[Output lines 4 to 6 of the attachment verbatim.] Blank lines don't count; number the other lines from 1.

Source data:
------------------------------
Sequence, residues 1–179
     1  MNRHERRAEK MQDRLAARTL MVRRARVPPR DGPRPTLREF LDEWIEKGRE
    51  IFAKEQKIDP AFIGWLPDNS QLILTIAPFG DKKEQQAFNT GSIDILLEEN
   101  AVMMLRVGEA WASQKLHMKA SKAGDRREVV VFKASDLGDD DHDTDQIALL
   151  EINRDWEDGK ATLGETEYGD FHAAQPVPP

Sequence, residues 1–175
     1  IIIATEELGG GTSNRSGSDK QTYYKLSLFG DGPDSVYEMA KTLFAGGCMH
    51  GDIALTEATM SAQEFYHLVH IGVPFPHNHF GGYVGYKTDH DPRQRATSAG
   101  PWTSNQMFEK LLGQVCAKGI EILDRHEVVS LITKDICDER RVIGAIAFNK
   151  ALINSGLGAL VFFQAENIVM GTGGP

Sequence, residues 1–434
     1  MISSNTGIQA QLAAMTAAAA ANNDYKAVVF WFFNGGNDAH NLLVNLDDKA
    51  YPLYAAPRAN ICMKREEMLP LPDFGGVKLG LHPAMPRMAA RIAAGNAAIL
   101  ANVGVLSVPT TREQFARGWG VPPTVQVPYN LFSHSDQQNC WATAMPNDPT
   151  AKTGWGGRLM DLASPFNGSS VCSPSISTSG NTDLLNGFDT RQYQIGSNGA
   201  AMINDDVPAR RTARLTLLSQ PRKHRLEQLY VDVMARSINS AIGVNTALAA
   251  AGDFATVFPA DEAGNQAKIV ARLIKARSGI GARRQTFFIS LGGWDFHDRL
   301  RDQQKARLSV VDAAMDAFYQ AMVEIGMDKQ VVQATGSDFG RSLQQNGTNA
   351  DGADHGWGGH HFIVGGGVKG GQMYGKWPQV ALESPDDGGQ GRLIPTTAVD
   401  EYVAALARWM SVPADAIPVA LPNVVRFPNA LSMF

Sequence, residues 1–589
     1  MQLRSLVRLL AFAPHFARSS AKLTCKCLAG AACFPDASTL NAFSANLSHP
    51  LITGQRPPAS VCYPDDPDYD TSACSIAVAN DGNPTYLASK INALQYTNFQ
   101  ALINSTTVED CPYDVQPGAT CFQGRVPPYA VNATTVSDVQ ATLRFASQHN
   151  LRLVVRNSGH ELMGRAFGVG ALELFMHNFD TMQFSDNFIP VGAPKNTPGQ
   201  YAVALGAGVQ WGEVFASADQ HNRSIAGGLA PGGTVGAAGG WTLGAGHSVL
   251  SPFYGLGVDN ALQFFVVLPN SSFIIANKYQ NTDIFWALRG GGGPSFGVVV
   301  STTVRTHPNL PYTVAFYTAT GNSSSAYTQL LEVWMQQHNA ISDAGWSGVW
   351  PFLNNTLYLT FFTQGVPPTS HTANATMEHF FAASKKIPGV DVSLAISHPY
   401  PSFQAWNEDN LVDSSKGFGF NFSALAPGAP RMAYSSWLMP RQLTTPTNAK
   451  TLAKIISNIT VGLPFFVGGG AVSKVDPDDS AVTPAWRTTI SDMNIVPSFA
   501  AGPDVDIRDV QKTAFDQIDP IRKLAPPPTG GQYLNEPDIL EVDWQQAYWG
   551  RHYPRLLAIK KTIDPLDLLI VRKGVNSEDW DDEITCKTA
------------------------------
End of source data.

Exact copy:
   101  AVMMLRVGEA WASQKLHMKA SKAGDRREVV VFKASDLGDD DHDTDQIALL
   151  EINRDWEDGK ATLGETEYGD FHAAQPVPP

Sequence, residues 1–175